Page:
Image from Pexels.

Image from Pexels.

Having trouble outlining your English term paper? Need a fresh set of eyes to proofread your biology lab? Consider making an appointment at your university writing center. Whether or not your professor requires it, visiting a writing tutor is crucial–especially for those huge, all-nighter assignments. No matter the subject, paying a trip to the writing center can make the difference between getting that B average pushed up to an A-. Follow these suggestions when you arrive at your scheduled time.

Schedule your session soon after receiving your assignment. 

Be practical–scheduling an appointment at the writing center two days before your paper is due may not be the most intelligent idea. You’re in college: things come up and you find yourself busy even on days with no class. So, make sure to give yourself enough time to get constructive feedback from a preliminary tutoring session and perhaps have enough time to still return for a second session. Making two appointments to review the same piece of work is a great idea, as it will allow you to see progress and evolution in your writing.

Bring any work/materials with you. 

Even if you are only showing up with the prescribed text or the email from your professor detailing the assignment, bring these things along with you. Have a pen and paper or laptop at hand, too. You may have already completed your work, or you may not have even begun. Regardless of the circumstance, being prepared for your appointment ensures that you’re not wasting anyone’s time–including your own. You will only have an hour or so to receive this type of assistance, so be conscious of your timing.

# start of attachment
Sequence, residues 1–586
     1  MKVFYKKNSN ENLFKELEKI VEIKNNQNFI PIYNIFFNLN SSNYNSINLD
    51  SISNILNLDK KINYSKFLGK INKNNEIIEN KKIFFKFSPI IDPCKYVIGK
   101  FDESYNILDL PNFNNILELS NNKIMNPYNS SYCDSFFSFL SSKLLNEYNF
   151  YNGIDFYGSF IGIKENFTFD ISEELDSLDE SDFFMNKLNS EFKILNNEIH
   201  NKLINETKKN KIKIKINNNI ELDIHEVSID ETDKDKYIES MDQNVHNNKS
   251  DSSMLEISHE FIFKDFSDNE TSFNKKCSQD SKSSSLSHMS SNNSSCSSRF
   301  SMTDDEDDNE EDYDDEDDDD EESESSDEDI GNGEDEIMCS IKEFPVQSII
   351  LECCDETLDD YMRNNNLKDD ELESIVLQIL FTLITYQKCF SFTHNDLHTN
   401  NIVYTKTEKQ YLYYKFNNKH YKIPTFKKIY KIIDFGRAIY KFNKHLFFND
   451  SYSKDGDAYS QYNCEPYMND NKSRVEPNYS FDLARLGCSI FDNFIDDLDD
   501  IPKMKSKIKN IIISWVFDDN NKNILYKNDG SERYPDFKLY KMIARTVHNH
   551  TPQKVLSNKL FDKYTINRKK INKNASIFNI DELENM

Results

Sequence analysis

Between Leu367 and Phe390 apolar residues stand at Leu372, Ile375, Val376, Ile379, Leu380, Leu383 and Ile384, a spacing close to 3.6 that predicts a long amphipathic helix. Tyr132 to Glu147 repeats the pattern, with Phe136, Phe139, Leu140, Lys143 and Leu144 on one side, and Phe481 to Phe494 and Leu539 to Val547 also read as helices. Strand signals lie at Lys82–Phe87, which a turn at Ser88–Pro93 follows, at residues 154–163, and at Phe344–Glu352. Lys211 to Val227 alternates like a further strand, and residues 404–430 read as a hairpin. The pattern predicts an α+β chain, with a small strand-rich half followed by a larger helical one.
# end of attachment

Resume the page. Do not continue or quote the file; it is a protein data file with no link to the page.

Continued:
Provide your tutor with some background. 

If you’ve never met your tutor before, it would be smart to give him/her some quick background on yourself–your major, what courses you’ve taken, your current courses and professors, etc. Chances are, your writing center appointment will be conducted by a student volunteer, a peer of yours. What’s even more likely is that the first thing you’ll be asked to do is fill out a bio sheet. Often times, your professor will receive this as a sign of your visit, which can’t do anything but help your efforts. This shows you’re serious! In giving background, your tutor will be more privy to your learning style and know how to best guide you.

Take notes! 

This may seem simple, and it is. If you don’t write down what you’re discussing with your tutor, then you may as well not have scheduled your appointment. Students tend to think they’ll remember this constructive criticism when they’re back in their dorms writing their final draft. Sometimes, this doesn’t work out. Be sure that you are making the most out of your time, and write everything down. Your conversation may provide you with new ideas and elements to add to your assignment, and you won’t want to forget anything.

If you feel in need of help, schedule an appointment, regardless of your major. 

Most university writing centers have tutors whose backgrounds are in subjects other than the expected English or communications. If you’re an engineer and need a final read-through of an assignment, make an appointment. Just because you may not be an arts major doesn’t mean that you don’t have access to the writing center as a resource. If it’s an option, use it. Especially for work that can impact your average and is significant in nature.

Don’t expect an A+ paper as a result. 

Writing centers are not one-stop shops for ensured success. They exist to provide students with the tools they need to develop successful writing skills. Tutors may point out grammatical mistakes here and there, and may certainly help you refine your argument and ideas, but won’t nitpick at each mark of punctuation. Your time is limited, and they are not there to create a perfect paper for you. So, be prepared to discuss more conceptual aspects of your work.

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